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Safety and efficacy of spinosad chewable tablets for treatment of flea infestations of cats

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  • 1 Elanco Animal Health, 2500 Innovation Way, Greenfield, IN 46140.
  • | 2 Elanco Animal Health, Lilly House, Priestley Rd, Basingstoke, Hampshire, RG24 9NL, England.
  • | 3 Elanco Animal Health, 2500 Innovation Way, Greenfield, IN 46140.
  • | 4 Elanco Animal Health, 2500 Innovation Way, Greenfield, IN 46140.
  • | 5 Elanco Animal Health, 2500 Innovation Way, Greenfield, IN 46140.

Abstract

Objective—To compare safety and efficacy of spinosad and selamectin and determine effects of those products on flea allergy dermatitis (FAD) in cats.

Design—Randomized clinical trial.

Animals—211 client-owned cats.

Procedures—Cats with ≥ 5 fleas evaluated at 8 veterinary clinics were allocated to receive spinosad (50 to 100 mg/kg [22.7 to 45.5 mg/lb], PO; n = 139) or selamectin (≥ 6 mg/kg [≥ 2.7 mg/lb], topically; 72) once per month. Flea comb counts and FAD scores were determined on day −1, between days 27 and 33, and between days 85 and 95 (evaluations 1, 2, and 3, respectively); day 0 was the first day of drug administration.

Results—The most common adverse event was vomiting (14.3% and 2.4% of spinosad- and selamectin-treated cats, respectively). Evaluation 2 and 3 geometric mean flea counts for spinosad-treated cats were significantly lower than those for selamectin-treated cats. Percentage reductions in flea counts for the spinosad and selamectin groups were 97.5% and 88.8% (evaluation 2) and 99.3% and 97.7% (evaluation 3), respectively. At evaluations 2 and 3, 70.6% and 92.6% of spinosad-treated cats and 29.4% and 64.7% of selamectin-treated cats were free of fleas, respectively. Weighted FAD scores for spinosad- and selamectin-treated cats decreased 94.2% and 80.0% during the study, respectively. Spinosad tablets were successfully administered during 98.1% of treatments.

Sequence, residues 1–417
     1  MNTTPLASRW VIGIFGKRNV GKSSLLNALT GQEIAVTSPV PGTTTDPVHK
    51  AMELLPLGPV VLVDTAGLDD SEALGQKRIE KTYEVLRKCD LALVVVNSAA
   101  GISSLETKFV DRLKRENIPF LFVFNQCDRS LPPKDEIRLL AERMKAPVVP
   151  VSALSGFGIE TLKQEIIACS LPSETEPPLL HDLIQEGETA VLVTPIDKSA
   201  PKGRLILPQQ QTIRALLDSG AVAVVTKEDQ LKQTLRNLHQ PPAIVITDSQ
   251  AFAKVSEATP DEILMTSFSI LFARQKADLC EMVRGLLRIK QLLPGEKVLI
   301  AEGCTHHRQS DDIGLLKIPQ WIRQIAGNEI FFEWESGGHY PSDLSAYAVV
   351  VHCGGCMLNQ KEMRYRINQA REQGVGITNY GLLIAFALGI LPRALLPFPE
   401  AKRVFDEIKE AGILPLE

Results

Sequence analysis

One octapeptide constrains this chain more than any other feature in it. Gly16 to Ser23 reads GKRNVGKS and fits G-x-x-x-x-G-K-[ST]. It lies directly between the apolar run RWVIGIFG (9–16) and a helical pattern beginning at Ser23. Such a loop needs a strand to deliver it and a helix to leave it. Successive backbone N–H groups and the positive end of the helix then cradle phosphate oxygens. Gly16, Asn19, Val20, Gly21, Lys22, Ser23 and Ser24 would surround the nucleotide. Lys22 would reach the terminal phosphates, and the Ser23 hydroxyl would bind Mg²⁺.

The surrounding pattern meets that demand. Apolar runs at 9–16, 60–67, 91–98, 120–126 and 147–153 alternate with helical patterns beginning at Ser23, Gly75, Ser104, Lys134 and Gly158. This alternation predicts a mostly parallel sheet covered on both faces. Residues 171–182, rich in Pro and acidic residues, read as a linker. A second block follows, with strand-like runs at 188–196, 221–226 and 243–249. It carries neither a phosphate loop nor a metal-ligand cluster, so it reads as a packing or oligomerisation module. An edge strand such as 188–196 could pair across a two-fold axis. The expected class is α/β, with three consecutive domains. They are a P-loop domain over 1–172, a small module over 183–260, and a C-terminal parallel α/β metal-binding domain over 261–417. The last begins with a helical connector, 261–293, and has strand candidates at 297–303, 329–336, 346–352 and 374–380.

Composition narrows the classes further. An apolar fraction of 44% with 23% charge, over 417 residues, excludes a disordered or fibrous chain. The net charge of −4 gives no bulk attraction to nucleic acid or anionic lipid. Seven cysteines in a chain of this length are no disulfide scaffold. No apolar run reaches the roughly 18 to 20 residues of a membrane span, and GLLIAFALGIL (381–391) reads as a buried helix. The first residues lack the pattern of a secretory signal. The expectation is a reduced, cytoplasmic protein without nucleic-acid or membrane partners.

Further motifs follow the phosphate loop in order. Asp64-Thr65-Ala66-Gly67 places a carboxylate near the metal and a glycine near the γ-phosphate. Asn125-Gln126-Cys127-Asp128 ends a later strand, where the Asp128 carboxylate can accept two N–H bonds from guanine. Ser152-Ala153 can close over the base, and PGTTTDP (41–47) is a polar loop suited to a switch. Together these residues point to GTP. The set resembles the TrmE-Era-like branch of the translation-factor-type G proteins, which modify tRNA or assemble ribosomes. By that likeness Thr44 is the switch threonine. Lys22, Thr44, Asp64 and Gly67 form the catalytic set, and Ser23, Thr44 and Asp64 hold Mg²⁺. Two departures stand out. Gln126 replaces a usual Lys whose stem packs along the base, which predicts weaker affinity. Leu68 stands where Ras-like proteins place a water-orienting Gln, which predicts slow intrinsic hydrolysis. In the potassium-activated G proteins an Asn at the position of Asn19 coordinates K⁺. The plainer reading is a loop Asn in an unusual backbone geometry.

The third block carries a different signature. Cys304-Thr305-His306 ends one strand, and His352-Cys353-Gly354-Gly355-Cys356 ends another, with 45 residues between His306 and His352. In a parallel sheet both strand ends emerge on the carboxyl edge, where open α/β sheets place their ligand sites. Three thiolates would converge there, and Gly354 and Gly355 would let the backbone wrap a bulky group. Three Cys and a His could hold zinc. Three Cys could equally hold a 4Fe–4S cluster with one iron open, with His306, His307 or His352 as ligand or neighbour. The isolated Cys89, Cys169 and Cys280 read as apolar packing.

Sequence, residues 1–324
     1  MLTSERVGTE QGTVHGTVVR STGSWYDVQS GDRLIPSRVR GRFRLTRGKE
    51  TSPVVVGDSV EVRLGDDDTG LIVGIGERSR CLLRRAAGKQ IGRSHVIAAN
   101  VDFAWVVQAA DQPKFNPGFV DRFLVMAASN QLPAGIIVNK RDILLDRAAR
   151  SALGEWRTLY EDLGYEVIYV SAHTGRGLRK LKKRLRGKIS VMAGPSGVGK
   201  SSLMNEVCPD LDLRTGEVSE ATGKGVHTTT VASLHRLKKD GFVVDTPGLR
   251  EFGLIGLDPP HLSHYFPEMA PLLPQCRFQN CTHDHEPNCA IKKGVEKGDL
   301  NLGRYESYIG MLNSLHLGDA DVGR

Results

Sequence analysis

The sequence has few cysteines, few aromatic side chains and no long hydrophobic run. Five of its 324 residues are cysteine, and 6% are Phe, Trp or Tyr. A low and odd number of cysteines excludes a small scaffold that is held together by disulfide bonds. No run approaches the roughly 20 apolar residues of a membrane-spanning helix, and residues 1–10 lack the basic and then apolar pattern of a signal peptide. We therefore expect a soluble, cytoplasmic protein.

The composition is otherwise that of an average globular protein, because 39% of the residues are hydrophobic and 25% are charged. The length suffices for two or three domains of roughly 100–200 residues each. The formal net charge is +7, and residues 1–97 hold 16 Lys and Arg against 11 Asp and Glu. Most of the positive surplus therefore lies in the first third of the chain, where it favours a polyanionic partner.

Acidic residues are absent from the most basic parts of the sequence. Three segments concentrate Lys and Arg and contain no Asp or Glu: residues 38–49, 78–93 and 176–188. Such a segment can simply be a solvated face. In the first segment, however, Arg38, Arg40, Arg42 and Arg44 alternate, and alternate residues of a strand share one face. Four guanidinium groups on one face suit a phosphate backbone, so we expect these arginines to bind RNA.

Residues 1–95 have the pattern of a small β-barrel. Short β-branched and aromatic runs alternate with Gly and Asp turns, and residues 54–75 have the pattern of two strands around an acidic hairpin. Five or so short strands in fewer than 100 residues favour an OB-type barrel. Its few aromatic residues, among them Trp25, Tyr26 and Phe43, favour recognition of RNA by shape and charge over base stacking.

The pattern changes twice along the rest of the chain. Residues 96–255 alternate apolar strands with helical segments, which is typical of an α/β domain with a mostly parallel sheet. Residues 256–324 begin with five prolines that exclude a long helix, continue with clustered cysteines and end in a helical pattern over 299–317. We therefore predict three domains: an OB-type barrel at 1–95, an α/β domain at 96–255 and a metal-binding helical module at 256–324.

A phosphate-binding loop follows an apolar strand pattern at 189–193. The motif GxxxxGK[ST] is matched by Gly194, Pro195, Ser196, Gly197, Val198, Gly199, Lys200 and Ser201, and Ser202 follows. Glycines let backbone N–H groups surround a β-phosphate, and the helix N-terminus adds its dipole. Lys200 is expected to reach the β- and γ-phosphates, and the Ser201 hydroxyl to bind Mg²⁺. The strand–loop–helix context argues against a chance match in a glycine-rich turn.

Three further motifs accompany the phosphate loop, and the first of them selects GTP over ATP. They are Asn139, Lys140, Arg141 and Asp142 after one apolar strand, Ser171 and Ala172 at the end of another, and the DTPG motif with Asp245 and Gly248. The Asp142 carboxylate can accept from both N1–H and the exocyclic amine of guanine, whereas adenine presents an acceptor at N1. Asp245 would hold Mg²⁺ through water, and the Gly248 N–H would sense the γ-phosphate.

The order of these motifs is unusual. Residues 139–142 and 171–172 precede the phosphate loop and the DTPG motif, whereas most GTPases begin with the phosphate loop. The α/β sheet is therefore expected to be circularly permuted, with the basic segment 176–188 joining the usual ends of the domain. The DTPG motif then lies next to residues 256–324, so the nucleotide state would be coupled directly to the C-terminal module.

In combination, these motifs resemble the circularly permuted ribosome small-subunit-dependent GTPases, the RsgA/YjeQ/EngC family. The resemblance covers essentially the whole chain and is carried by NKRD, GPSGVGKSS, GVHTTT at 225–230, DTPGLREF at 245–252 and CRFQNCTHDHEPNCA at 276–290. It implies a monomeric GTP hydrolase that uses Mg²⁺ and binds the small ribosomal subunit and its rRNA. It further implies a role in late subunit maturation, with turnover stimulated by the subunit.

Conclusions and Clinical Relevance—Results of this study indicated spinosad and selamectin both reduced flea counts and FAD scores for cats, although spinosad was more effective. Monthly oral administration of spinosad may be practical for treatment of flea infestations and FAD in cats.

Abstract

Objective—To compare safety and efficacy of spinosad and selamectin and determine effects of those products on flea allergy dermatitis (FAD) in cats.

Design—Randomized clinical trial.

Animals—211 client-owned cats.

Procedures—Cats with ≥ 5 fleas evaluated at 8 veterinary clinics were allocated to receive spinosad (50 to 100 mg/kg [22.7 to 45.5 mg/lb], PO; n = 139) or selamectin (≥ 6 mg/kg [≥ 2.7 mg/lb], topically; 72) once per month. Flea comb counts and FAD scores were determined on day −1, between days 27 and 33, and between days 85 and 95 (evaluations 1, 2, and 3, respectively); day 0 was the first day of drug administration.

Results—The most common adverse event was vomiting (14.3% and 2.4% of spinosad- and selamectin-treated cats, respectively). Evaluation 2 and 3 geometric mean flea counts for spinosad-treated cats were significantly lower than those for selamectin-treated cats. Percentage reductions in flea counts for the spinosad and selamectin groups were 97.5% and 88.8% (evaluation 2) and 99.3% and 97.7% (evaluation 3), respectively. At evaluations 2 and 3, 70.6% and 92.6% of spinosad-treated cats and 29.4% and 64.7% of selamectin-treated cats were free of fleas, respectively. Weighted FAD scores for spinosad- and selamectin-treated cats decreased 94.2% and 80.0% during the study, respectively. Spinosad tablets were successfully administered during 98.1% of treatments.

Conclusions and Clinical Relevance—Results of this study indicated spinosad and selamectin both reduced flea counts and FAD scores for cats, although spinosad was more effective. Monthly oral administration of spinosad may be practical for treatment of flea infestations and FAD in cats.

Contributor Notes

Supported by Elanco Animal Health.

Address correspondence to Dr. Snyder (Snyder_Daniel_E@Lilly.com).